Since then there has not been much reconstruction or renewal project to revitalize the neighborhood. For this reason, a majority of the neighborhood still looks as though it belongs to the Mexicans, including the buildings, businesses and murals. Like I spoke about before, this aspect of the neighborhood is extremely important when thinking about identity creation in West Side. It creates the illusion of a Mexican-based cultural dynamic, which is far from the truth.

     The social context in which West Side is viewed also plays a large role in the construction of identity. As I discussed in my contemporary context report, West Side is viewed in the media many times as a site for violence or intercultural disturbances. While this is not completely true, the effects of these assumptions can be daunting for the neighborhoods residents.

     In one of our interviews, a resident discussed the reactions she gets from others when she tells them she grew up in West Side St. Paul, saying “Many times people refer to West Side as the ghetto, where there is a lot of violence and only poor people live. It sometimes makes me not want to tell people where I am from.” Having these types of characteristics assumed about your home can be very hurtful and leads to identity crises among residents who feel they can’t be proud of their neighborhood.

      When comparing West Side to the rest of the Twin Cities, it is clear to see that the identities present are strong and clear. The historical context of the neighborhood has allowed specific cultures and identities to flourish and as new ethnic groups assimilate into the community, there is an overwhelming sense of openness to others. This is engrained into West Side and is one of the many reasons why so many new immigrants choose to settle nearby. Though it may appear like a primarily Hispanic community, this is only a façade. Our research and experiences in West Side has led us to discover that is has much more to offer than what meets the eye.


“Census Facts.” Wilder Research Center. Web. 25 May 2012.

“RCHS.” Profile of Saint Paul’s Historic West Side Neighborhood. Ramsey County Historical Society. Web. 25 May 2012. .

“Historic Saint Paul.” Tour Saint Paul: West Side. 01 June 2006. Web. 25 May 2012.

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The Taboo Topic of Race

Sitting in a silent classroom full of students, everyone staring towards the ground, trying to think of how to properly answer the question their teacher just asked. What is the topic which can render a college classroom into complete silence? Race.

The situation described above is very similar to our class at the beginning of our conversation of race this week. When prompted to begin a discussion of the topic, no one knew what to say or how to begin. So instead of talking our way through it, we just sat in silence. Much like how many American’s react when confronted by race in their daily lives, we stayed silent as if we were pretending it doesn’t exist or affect us.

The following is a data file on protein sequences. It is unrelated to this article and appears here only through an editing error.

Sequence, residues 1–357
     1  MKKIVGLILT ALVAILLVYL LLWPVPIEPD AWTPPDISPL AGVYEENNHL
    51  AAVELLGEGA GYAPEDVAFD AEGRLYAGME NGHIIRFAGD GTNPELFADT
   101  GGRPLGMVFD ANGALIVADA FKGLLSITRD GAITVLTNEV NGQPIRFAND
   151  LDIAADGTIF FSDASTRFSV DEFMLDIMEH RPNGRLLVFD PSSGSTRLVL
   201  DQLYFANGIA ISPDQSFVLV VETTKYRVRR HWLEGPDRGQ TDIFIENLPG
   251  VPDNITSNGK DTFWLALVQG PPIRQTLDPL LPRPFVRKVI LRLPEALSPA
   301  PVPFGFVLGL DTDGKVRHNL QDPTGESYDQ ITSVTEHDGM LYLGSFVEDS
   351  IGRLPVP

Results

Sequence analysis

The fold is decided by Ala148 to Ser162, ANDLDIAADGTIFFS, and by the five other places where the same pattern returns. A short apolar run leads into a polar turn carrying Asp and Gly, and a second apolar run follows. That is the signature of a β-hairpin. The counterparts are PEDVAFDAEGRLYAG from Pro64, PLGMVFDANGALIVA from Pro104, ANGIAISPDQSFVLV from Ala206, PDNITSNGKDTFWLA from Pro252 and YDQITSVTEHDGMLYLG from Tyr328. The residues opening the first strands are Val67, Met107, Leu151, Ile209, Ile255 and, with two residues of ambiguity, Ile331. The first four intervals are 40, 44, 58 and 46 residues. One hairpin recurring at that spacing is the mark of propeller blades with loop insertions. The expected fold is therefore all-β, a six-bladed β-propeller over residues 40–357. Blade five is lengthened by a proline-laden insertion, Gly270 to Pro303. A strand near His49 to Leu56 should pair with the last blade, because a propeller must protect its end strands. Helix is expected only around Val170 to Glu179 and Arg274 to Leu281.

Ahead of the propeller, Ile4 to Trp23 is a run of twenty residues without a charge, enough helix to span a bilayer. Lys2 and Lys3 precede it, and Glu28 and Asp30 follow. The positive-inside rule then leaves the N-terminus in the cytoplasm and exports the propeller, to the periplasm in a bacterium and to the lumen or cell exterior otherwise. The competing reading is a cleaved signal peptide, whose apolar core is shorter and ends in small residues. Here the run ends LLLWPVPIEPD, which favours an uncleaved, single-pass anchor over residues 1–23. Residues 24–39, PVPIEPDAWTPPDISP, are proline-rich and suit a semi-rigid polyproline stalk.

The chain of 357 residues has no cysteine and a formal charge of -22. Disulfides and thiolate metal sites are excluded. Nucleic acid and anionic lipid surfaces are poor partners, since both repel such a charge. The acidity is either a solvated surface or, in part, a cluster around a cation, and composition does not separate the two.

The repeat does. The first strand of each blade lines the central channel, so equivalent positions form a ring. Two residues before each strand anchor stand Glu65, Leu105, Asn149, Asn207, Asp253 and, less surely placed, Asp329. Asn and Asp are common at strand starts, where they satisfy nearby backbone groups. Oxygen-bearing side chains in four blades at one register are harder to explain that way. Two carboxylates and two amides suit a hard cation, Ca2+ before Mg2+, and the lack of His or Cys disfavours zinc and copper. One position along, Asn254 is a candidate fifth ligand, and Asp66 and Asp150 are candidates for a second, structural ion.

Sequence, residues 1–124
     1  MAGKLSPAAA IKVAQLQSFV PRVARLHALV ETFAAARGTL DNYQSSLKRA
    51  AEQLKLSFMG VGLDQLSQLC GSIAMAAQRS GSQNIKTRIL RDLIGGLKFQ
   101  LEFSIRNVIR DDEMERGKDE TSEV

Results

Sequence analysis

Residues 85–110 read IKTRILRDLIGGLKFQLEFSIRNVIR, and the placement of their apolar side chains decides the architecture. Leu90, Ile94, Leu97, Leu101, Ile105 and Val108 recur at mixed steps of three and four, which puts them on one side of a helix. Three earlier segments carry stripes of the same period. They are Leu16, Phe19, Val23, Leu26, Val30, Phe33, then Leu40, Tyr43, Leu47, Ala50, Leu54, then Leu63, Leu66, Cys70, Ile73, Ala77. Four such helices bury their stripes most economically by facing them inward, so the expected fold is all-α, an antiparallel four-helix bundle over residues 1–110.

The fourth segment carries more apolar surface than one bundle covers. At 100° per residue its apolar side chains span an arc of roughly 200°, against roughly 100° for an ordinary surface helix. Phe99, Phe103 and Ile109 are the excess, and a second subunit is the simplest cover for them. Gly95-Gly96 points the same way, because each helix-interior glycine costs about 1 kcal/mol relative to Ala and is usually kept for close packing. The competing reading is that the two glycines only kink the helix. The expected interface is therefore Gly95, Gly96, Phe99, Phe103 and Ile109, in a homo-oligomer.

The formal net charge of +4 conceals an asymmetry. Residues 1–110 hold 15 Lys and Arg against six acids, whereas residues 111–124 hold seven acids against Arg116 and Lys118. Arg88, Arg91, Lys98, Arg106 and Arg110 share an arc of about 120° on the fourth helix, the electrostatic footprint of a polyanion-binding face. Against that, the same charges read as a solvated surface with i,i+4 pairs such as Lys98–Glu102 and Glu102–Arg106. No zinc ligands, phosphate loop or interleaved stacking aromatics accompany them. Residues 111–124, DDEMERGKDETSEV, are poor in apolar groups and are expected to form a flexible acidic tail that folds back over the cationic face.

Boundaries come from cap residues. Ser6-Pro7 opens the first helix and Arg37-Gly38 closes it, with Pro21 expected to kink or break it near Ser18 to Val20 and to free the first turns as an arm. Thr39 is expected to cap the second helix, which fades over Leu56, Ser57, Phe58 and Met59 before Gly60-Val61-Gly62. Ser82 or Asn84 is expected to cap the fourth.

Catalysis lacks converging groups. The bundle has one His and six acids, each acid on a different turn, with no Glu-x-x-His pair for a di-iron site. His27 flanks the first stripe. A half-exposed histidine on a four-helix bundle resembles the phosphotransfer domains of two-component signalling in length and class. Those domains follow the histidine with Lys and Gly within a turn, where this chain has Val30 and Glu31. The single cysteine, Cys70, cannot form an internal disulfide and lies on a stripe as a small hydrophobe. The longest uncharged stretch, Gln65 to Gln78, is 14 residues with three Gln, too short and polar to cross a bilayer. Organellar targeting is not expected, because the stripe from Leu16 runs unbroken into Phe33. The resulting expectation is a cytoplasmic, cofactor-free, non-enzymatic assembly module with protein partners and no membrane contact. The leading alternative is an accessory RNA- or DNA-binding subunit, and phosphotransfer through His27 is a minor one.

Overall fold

The subject of race has always been controversial. It seems that since our country was formed, race and the color of an individual’s skin has always been a topic of conversation. This became even more evident during the civil rights movement in the 60’s, with the infamous segregation and racism that was present during that time.

Years later, our society still cannot have an honest conversation about race without the fear of offending someone or being accused of being racist. Why is it that as a society we have so much anxiety related to race and the discussion surrounding it? I believe the answer to this question lies in our history and the context in which race has historically been talked about.

In the past, the only times race was talked about was in regards to slavery and segregation.  The contemporary conversation of race will always be influenced by the historical context in which it was founded. Beverly Daniel Tatum speaks to this topic in her book, Why Are All the Black Kids Sitting Together in the Cafeteria?, stating that “the nature of Black-White race relations in the United States have been forever shaped by slavery and its social, psychological and economic legacies” (Tatum 39). Tatum offers valuable insight into the issues of race and identity throughout her book and this excerpt is just one of many which help to identify why, as a society, we have such difficulty talking about the subject.

This week we also watched the documentary, Through Their Eyes, created by Northern Kentucky University students examining racial identities, stereotypes and the topic of race on college campuses. I thought this documentary was really interesting because it was such an honest conversation about race, and that is something you just do not see in our society. I think they achieved this type of openness among participants because they were separated by their racial groups in the interviews. Having those racial similar to yourself around you, while talking about race, takes the uncertainty and worry out of the conversation because you will most likely not offend anyone and can therefore speak openly about your perceptions of race. 

Simply put, we need to talk about race.